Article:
Ransomware attack is a form of malware that holds important data at ransom and asks organizations to pay money usually through an untraceable medium if they wish to recover the data. Until they do not pay the demanded amount, the data stays corrupted.
Ransomware is one of the most common types of malware attacks. In today’s age, it is very easy to conduct a malware attack since perpetrators can find services that allow them to purchase ransomware as a subscription model.
Due to the high number of ransomware attacks, IT managers and healthcare professionals are now realizing that implementing data security techniques is much cheaper than paying high amounts of ransom in the occurrence of an attack.
Collaborative work is essential in the healthcare industry. Each unit needs to work cohesively to ensure that the patient enjoys the best possible solution and care. This collaborative work model needs to move forth regardless of the time and location of staff members. The digital innovation of work has enabled physicians to diagnose and provide treatment from all corners of the world due to high-end remote access.
However, despite remote access availability being a major pro in the evolution of the healthcare system, it also has its fair share of cons. One of the biggest setbacks has to do with the introduction to new foreign devices, along with the interaction to new open source networks. The devices healthcare staff uses to access data remotely usually do not have the same level of security protocol installed as the devices that are available on-premise
Therefore, these devices work as great access points for the hackers. This is a problem that emerges due to high dependability on IoT devices, (internet of things). Additionally, healthcare staff that operate these devices remotely do not have the knowledge and expertise of identifying threats and applying cyber security practices.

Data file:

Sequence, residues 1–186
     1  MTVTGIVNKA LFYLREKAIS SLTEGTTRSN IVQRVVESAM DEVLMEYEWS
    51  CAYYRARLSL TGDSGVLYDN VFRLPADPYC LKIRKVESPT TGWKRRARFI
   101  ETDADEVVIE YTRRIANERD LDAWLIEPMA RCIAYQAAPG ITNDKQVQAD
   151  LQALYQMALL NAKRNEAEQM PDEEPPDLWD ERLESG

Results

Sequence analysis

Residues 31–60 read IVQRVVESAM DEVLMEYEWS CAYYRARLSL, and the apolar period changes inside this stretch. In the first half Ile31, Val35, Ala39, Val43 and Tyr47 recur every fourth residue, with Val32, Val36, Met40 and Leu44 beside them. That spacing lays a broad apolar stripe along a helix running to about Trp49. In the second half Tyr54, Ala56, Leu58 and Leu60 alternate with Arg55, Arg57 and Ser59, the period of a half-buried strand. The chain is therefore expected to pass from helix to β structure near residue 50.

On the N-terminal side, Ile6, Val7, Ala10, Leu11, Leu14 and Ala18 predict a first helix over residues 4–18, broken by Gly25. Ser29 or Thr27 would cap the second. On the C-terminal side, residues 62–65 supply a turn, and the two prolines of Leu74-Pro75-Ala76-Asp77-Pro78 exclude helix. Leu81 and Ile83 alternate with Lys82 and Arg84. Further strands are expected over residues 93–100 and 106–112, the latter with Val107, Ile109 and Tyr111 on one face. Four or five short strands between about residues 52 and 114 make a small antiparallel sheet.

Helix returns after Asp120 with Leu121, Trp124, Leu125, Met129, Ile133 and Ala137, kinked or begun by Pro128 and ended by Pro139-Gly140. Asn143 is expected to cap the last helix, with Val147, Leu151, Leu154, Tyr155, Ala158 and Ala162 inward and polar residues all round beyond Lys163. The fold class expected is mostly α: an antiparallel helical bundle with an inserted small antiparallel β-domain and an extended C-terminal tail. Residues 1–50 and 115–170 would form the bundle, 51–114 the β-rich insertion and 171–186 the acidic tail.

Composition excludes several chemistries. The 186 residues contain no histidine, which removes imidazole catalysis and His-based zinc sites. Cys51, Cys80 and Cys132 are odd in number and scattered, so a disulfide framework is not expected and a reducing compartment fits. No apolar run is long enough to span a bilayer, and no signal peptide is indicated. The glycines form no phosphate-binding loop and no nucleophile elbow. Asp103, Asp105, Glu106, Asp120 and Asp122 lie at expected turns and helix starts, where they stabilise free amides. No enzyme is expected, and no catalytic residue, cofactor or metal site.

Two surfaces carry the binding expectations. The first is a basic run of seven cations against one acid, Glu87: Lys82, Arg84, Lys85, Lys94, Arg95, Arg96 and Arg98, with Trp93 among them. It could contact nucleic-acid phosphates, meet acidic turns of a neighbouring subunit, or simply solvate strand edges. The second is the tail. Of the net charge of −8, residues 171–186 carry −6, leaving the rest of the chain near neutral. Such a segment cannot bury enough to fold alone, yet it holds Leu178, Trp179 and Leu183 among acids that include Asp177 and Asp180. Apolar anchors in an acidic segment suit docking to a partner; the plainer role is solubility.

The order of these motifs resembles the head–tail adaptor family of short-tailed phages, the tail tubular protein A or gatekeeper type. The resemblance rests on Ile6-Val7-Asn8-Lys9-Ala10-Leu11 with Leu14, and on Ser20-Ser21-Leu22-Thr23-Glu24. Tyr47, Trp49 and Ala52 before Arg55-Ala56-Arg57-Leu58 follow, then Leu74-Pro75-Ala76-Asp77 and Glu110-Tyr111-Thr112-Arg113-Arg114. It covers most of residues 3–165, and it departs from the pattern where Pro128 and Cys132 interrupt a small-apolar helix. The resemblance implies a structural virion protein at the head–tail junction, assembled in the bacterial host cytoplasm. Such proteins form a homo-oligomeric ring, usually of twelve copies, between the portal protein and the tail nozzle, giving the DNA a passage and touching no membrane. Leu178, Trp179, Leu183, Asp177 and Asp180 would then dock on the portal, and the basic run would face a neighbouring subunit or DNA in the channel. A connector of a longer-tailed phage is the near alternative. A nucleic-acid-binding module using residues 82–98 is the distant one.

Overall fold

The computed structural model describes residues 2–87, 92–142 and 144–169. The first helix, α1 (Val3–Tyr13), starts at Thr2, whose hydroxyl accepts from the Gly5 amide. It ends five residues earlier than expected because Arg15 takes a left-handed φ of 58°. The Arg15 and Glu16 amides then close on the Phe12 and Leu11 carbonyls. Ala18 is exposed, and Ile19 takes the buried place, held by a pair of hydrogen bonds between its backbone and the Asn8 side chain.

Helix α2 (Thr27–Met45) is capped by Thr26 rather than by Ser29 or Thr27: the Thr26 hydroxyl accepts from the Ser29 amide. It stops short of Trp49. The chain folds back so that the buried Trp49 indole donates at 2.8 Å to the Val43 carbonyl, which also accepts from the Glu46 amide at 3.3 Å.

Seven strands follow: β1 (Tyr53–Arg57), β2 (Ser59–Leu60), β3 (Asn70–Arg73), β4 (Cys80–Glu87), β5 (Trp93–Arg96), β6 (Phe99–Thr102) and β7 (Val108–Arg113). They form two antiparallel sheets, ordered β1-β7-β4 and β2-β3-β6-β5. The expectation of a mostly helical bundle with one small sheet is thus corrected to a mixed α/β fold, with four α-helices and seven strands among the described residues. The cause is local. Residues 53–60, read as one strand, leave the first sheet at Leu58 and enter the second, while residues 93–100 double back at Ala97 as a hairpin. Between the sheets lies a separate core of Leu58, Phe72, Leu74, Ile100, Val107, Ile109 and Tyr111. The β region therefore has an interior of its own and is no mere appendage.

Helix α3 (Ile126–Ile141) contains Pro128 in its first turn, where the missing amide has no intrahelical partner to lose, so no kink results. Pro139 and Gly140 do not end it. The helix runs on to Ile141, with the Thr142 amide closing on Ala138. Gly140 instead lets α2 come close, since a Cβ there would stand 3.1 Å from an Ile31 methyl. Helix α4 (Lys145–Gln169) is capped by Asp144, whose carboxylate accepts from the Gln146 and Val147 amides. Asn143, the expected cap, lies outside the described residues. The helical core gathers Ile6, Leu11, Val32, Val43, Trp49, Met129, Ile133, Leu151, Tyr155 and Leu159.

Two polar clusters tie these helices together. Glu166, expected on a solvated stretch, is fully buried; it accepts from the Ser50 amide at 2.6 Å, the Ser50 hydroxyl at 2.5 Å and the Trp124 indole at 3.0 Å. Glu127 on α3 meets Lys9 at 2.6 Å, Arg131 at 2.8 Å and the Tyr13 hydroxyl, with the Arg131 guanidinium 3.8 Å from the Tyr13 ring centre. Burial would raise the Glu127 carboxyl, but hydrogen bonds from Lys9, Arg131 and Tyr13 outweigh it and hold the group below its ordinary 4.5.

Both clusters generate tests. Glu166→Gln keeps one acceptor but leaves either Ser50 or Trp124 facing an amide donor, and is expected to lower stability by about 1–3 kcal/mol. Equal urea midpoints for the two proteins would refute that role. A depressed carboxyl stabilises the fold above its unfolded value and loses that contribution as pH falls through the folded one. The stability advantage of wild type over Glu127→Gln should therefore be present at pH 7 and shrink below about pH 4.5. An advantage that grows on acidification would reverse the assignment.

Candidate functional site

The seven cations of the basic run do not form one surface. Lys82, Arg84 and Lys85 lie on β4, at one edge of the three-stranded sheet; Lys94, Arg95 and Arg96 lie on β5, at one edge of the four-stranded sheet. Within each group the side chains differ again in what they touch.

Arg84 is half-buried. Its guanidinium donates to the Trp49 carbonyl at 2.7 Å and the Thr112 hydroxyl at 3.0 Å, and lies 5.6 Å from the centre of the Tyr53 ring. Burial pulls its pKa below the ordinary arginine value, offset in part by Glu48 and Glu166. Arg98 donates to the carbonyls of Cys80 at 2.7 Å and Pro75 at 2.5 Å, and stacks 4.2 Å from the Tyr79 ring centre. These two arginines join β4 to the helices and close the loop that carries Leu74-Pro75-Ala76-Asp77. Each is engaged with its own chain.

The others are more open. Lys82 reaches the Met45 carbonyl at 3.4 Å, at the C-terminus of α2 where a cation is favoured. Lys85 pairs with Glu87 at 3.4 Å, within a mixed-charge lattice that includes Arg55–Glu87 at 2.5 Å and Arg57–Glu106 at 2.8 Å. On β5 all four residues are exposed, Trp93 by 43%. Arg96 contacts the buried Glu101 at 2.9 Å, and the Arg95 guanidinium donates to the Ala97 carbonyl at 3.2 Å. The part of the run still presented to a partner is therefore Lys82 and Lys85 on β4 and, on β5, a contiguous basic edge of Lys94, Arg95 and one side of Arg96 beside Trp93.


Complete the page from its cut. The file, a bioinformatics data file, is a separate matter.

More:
Even if a single device gets compromised, the entire organization may have to suffer. One of the key solutions for this problem takes shape in the form of risk-based authentication. This solution involves the help of IT staff members. They set up policies and risk standards for each user according to their experience, device, and the network they use.
Another solution to this problem is that healthcare facility’s IT management team install a uniform and moderated network to all the staff members that work remotely. By taking this safety measure, any malicious activity will come under the lens of the IT moderator, and will be flagged.
Any time there is a big social catastrophe, the hackers will speed up their malicious activities to leverage from any weaknesses they can find. In the case of Coronavirus, the hackers are initiating password spraying campaigns as part of their cyber operations.
Password spraying refers to a simple tactic that you can also call a brute force attack. In this type of attack, the hackers try to gain access to the organization’s systems by testing out a small number of commonly used passwords on a large number of accounts.
In this attack, hackers utilized the assumption that there is likely to be at least one common password that a number of these people have. This is another reason why you need to educate employees about creating unique and strong passwords.
This tells you that healthcare is unprepared in terms of cyber security, and the staff needs to be educated about setting stronger passwords. Another unfortunate stat that comes forth is the amount of time healthcare takes in identifying data breach.
Lack of Employee Awareness
When it comes to healthcare data breaches, employees are more often responsible, even if their mistakes are unintentional. This also involves stolen devices. The only thing that can prevent employee mistakes is education. You have to make sure that the workers have strong passwords and they need to be careful of their devices.
Multiple Device Usage
Your network is only as good as the weakest link. In healthcare, there are plenty of devices. Despite the fact that these devices help make the healthcare system more effective, they are also often responsible for the data breach. For instance, a typical operating room will have many different devices. These devices will have their individual IP address.